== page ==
Depression in Teens can be a hard one to spot. How many times have you heard teachers or parents say their teenager is just going through a phase, they’re just a bit moody, and they will grow out of it? Just get on with it or pull yourself together can be common phrases used in schools or even by friends insinuating that depression is a lazy choice and one which they should snap out of.
These messages about what its like to be a teenager can make the teenager feel like they can’t talk about what’s worrying them, that its normal to feel depressed or that adults won’t take them seriously.
Another reason it can be difficult to figure out is because of how the word depressed can be overused. I had a bad day I’m so depressed. This is not about clinical depression but rather a way of describing a difficult day.
According to figures from the Office of National Statistics, 10% of children in Great Britain aged between 5 and 16 have a mental health problem, with 4% of children suffering from an emotional disorder such as anxiety or depression.
The obvious signs to look out for are low mood where there doesn’t seem to be an outside cause i.e. stress or bereavement. If the teenager has lost interest in things they would normally enjoy and if this has been going on for a few weeks and is impacting their day to day activities i.e. school, socializing, clubs then it may be time to have a chat about whether you can support them to ask for help.
A teenager may go to their friends first if they’re worried about how they’re feeling, they will be testing reactions to see if they’re normal or if they should go somewhere for help. A friend’s reaction can be invaluable to making the first step to get help.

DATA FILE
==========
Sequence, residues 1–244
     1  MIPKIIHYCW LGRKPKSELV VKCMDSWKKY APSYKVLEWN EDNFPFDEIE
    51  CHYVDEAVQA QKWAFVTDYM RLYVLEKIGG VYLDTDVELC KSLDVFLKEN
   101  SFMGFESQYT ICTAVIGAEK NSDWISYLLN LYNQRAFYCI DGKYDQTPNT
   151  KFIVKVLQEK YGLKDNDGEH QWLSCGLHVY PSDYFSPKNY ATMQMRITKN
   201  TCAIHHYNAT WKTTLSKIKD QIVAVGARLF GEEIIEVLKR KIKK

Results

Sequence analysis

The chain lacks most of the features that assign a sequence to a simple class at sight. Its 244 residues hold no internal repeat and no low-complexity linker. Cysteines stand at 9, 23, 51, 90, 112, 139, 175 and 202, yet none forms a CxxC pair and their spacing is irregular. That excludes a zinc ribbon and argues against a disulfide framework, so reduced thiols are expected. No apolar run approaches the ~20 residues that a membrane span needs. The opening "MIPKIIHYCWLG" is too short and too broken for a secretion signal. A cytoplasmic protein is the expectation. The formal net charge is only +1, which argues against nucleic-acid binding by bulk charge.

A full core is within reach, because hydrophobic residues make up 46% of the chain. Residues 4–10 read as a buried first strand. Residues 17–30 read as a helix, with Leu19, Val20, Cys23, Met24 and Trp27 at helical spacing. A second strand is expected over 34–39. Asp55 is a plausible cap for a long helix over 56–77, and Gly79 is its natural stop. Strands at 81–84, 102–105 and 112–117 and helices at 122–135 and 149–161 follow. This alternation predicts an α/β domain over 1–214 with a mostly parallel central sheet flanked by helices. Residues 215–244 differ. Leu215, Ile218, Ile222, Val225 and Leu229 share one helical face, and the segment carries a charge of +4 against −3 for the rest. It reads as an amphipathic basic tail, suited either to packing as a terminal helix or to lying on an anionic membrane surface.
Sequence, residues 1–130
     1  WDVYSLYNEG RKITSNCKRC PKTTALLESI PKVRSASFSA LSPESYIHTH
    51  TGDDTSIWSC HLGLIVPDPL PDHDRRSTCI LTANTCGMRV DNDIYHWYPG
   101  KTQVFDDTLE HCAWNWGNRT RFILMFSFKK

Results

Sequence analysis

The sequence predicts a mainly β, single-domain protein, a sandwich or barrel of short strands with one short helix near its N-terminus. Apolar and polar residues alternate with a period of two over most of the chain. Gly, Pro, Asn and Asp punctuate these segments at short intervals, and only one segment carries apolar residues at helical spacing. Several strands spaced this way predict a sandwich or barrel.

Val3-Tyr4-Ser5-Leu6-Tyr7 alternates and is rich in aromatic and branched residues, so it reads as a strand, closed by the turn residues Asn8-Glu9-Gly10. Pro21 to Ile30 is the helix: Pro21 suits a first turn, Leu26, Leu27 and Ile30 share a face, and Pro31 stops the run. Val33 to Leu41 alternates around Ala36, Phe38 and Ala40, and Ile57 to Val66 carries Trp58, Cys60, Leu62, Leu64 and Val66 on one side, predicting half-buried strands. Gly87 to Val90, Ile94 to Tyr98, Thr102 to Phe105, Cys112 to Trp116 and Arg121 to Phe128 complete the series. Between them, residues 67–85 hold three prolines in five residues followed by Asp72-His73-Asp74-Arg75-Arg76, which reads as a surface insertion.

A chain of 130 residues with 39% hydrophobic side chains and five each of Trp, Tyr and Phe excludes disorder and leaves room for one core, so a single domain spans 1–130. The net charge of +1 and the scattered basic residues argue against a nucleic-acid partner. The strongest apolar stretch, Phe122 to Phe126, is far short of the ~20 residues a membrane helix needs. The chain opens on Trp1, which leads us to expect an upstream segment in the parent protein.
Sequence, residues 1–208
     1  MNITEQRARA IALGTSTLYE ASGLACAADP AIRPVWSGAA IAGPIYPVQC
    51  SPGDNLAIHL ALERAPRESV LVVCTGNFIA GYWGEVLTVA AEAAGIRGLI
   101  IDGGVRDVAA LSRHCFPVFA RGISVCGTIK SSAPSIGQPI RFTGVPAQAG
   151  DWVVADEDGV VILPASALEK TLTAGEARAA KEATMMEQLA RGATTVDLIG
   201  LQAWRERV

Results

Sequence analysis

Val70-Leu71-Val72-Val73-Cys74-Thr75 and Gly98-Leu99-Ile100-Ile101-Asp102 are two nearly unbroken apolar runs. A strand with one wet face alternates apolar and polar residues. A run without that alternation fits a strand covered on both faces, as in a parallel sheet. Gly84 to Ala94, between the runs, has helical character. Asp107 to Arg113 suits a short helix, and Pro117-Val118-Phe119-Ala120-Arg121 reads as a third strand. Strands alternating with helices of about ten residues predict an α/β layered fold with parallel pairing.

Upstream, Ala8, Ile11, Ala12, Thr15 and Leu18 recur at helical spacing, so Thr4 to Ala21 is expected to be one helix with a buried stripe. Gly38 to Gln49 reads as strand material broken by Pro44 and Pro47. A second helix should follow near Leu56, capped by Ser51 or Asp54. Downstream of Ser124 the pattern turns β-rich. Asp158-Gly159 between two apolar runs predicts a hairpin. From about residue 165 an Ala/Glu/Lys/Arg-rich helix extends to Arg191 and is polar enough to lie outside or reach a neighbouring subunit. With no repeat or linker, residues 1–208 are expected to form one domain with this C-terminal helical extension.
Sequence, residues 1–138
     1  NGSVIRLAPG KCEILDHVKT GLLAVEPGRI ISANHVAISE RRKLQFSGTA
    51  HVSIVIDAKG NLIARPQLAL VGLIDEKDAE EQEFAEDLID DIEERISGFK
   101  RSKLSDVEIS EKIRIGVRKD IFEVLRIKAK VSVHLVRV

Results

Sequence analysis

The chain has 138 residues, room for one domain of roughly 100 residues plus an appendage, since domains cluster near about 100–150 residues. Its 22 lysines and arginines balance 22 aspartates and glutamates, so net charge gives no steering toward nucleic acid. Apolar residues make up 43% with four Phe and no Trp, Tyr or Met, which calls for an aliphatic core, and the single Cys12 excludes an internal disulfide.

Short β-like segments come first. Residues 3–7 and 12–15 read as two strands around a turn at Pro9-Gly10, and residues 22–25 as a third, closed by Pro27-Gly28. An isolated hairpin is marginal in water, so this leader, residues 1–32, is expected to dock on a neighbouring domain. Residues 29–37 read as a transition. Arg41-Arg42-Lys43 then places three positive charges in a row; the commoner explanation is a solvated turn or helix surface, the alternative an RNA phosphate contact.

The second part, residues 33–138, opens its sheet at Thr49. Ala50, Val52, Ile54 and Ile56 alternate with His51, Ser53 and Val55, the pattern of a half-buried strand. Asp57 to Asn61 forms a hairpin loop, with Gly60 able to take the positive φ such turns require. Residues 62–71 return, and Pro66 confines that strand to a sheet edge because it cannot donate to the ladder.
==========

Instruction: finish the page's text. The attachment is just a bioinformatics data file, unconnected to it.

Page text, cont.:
Parents can help by making sure there’s an open line of communication. If the depressed teen isn’t interacting much, you can still let them know that you’re concerned; that you would like to help and perhaps research the support out there together can help the depressed teenager know that they are not alone.
The first step would be to go to your GP. You could offer to attend with your teenager or to give them some space to discus their symptoms on their own. Ideally a GP will be able to do an initial assessment and will either offer medication and/or will write a letter referring your teenager to CAMHS (Child and Adolescent Mental Health Services) in your area. This means they will have to go on a waiting list to receive a talking therapy, most likely CBT (Cognitive Behavioural Therapy). The waiting time between initial assessment and accessing therapy can be frustrating for a teenager so it’s important to continue to discuss their needs with them and if you can afford it consider looking for private counseling. Talking about how they’re feelings can help them understand and normalize what’s going on for them and while we’d like them to be able to talk to parents, it’s developmentally natural to look outside of the family for support and advice at this age.
As much as possible it can be useful for your teenager to be involved in choosing their care. When feelings seem worrying or out of control it’s a sign of respect to include your son/daughter in decisions about their treatment. It can be easy to revert to parent mode and forget that your child is transitioning into a young adult and won’t want to be patronized at this uncomfortable stage. They will trust you more with what’s going on for them if they feel involved from he beginning.
It’s important to remember that there is life after depression. With the right support and treatment a teenager can come through this difficult time and integrate with the family. For more information or to book a session, email me at [email protected]
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